Seriously guy – he’s pitched like 12 inning so far in spring training. Are you really going to pass judgment on a per 9 innings statistic from 12 innings?

              • Tommy

                Edwin Jackson’s K/9 through spring training is 3.60. Guess he’s a bum, too?

              • http://thecubcontrarian.blogspot.com Kyle

                You are misreading the conversation.

                I don’t care about his ST stats. But if we are going to pretend like his 12 innings of ST matter, we should look beyond the ERA to his K/BB rates.

                • Tommy

                  Look beyond all of them! It’s 12 innings! It means absolutely nothing. Would you make a decision on any player if you managed a team based on 12 innings? Of course not!

                  • http://thecubcontrarian.blogspot.com Kyle

                    That’s fine, too.

                  • Rcleven

                    Will Garland be judged on 12 innings?
                    It will be probably be what he will bring into April.
                    I don’t care much about the SOs it’s BBs that are concerning. Especially for a fly ball pitcher selectable to the HR. Things can get out of hand too fast.

  • Rcleven

    I love to have Garland in the starting rotation. He is better than three fifths of our current starters and with Baker down he would be able to eat at least 100-110 innings till the trade deadline.
    Watching him pitch he looked to have made the full recovery from injury.
    Don’t think I the Cubs would need him past the break.
    For reasonable money pick him up.

  • cubfanincardinalland

    If he is healthy, teams like the Rangers, Angels and Mets will be all over him. They have openings, and seem like they would be more attractive to Garland.

    • fromthemitten

      i agree tommy hanson went down i see the angels snagging him

  • Idaho Razorback

    Pass. I saw Garland pitch the other nite vs the Cubs on the Mariners station and their announcers weren’t talking him up. He had no movement on his pitches and he was hit hard the whole nite, even when he got guys out.

  • Dustin S

    My bet too would be that Garland will have at least 1 or 2 better offers from other teams where he’ll have a chance to be a 5th starter right out of the gate. If the Cubs make a serious run at him, we could also infer that Baker’s situation is on the bad end of the spectrum. Maybe Garland could see the Cubs as a nice story to return to the team he started with and take a bullpen spot, but that sounds more like something he’d say in an interview if he just doesn’t get any other offers.

    A person could make an argument that Figgins > Clevenger for the final bench spot, at least if there’s a small glimmer of hope left that he could return to 2010 or prior form. He’d be the kind of potentially tradeable chip and cheap gamble that Theo likes.

  • Tommy

    Anytime I hear that a guy can’t throw a 90mph fastball, my first reaction is that he sucks. But after that, I start wondering, is there really much of a difference between an 87 mph fastball and a 90 mph fastball, and I would imagine if the guy has good off-speed stuff, that’s really all that matters.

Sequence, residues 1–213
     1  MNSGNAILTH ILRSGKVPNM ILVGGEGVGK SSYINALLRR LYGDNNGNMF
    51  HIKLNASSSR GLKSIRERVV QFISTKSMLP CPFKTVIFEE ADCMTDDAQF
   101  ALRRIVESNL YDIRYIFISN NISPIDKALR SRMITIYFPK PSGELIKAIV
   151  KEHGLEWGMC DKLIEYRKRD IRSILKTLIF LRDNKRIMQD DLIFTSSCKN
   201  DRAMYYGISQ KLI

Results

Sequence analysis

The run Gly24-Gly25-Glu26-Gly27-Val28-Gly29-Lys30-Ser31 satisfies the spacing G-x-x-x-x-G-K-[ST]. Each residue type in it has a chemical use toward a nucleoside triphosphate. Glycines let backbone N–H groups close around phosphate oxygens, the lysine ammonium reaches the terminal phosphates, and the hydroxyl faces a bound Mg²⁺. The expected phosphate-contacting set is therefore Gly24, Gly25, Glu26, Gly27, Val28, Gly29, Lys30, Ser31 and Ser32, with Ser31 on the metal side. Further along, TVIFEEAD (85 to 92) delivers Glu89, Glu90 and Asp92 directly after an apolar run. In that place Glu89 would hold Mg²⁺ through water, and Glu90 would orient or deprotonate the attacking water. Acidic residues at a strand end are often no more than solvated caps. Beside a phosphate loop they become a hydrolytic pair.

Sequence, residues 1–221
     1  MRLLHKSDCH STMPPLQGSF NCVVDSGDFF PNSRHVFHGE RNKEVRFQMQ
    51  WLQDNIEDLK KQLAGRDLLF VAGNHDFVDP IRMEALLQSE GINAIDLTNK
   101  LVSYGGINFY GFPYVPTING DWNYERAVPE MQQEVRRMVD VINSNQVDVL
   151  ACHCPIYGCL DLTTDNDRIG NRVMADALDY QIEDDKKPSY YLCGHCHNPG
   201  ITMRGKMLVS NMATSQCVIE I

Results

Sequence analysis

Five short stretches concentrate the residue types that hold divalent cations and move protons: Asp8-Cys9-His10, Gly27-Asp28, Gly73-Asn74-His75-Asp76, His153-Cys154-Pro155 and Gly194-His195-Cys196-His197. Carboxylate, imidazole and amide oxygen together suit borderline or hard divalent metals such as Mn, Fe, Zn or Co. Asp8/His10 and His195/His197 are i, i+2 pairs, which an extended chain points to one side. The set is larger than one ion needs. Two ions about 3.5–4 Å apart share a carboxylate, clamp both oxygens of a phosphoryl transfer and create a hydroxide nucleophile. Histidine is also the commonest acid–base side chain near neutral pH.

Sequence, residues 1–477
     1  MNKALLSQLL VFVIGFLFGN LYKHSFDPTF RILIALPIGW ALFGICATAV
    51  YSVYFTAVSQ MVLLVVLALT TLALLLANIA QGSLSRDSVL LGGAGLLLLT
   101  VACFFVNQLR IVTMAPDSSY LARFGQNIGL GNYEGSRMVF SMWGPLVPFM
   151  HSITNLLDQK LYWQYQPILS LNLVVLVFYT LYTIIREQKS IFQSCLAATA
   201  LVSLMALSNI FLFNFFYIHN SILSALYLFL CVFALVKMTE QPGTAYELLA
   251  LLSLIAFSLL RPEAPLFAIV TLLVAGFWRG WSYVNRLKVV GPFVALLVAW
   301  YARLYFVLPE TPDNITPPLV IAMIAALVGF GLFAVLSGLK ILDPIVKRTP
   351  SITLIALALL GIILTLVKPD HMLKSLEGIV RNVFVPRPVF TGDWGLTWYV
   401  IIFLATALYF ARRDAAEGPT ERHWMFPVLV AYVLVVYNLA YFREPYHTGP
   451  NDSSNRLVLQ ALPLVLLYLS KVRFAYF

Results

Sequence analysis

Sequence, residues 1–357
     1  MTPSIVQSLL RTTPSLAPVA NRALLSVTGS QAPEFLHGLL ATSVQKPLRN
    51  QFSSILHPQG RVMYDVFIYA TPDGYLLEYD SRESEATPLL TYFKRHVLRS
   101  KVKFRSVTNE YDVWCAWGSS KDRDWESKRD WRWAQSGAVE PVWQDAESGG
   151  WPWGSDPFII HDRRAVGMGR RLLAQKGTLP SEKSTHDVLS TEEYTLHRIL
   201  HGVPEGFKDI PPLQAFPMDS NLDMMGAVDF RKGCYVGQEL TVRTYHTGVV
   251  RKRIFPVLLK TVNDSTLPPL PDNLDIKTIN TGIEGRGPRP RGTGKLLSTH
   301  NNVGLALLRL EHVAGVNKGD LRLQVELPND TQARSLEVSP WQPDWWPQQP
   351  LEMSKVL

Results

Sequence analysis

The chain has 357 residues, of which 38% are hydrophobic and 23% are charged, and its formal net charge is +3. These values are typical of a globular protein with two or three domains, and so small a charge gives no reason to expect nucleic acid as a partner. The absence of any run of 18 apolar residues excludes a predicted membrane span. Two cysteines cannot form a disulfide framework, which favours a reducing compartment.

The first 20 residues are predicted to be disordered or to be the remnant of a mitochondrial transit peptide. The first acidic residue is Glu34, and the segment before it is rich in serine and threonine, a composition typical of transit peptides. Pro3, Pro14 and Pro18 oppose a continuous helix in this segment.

I am curious about that, though. I know Maddux wasn’t hitting 90 much near the end of his career and he was still pretty darn good. I’d probably take a flyer on Garland for the same reason – he was pretty good before the injury, and if he’s truly healed up, why not take a flyer if he comes on the cheap?

    • http://thecubcontrarian.blogspot.com Kyle

      Yes. There really is a big difference.

      When Maddux lost velocity, he went from possibly the best ever to awfully mediocre, with the same breaking stuff and control.

    • Rcleven

      I doubt Dickey threw the ball last year over the mid 70s.
      Blowing a ball by a hitter is not everything. It’s keeping hitters off balance.
      As the saying goes its location, location, location.
      Most power pitchers have short careers. The human body is just too fragile.

      • Timothy Scarbrough

        He averages 77 mph, and can hit low 80′s, which is remarkably fast for a knuckle ball.

      • http://thecubcontrarian.blogspot.com Kyle

        No matter what the conversation, knuckleballers are always the exception to everything.

  • Ralph

    The Cubs had Garland once… I remember he was a big prospect for the Cubs at one time. I think they traded him for some bullpen help in the miracle (had no business being in the playoffs) playoff run of ’98. Maybe part of the Rick Aguilera deal with the Twins…. I don’t remember???

    • Sandberg

      I believe it was Matt Karchner. Ugh

      • Andrew Cieslak

        It was. And I remember Garland was very bitter about that trade.

  • Idaho Razorback

    The Cubs got Matt Karchner and a lefter reliever for Garland. I remember watching the game in which Karchner threw-up on the mound. Ewww……

    • DocPeterWimsey

      Didn’t the batter take the vomit deep?

  • Morken

    Yeah, because in the middle of a “rebuild”, signing players like Chone Figgins and Jon Garland makes a ton of success.

  • Fan in AK

    no thank you! health issues aside, he was an absolute dick in the clubhouse, according to a former White Sox beat writer I know. Said he was one of the worst ones players he ever had to deal with.

  • Die hard

    Red Sox looking for bullpen help

Bleacher Nation Privacy Policy and Terms of Use. Bleacher Nation is a private media site, and it is not affiliated in any way with Major League Baseball or the Chicago Cubs. Neither MLB nor the Chicago Cubs have endorsed, supported, directed, or participated in the creation of the content at this site, or in the creation of the site itself. It's just a media site that happens to cover the Chicago Cubs.

Bleacher Nation is a participant in the Amazon Services LLC Associates Program, an affiliate advertising program designed to provide a means for sites to earn advertising fees by advertising and linking to Amazon.com.

Google+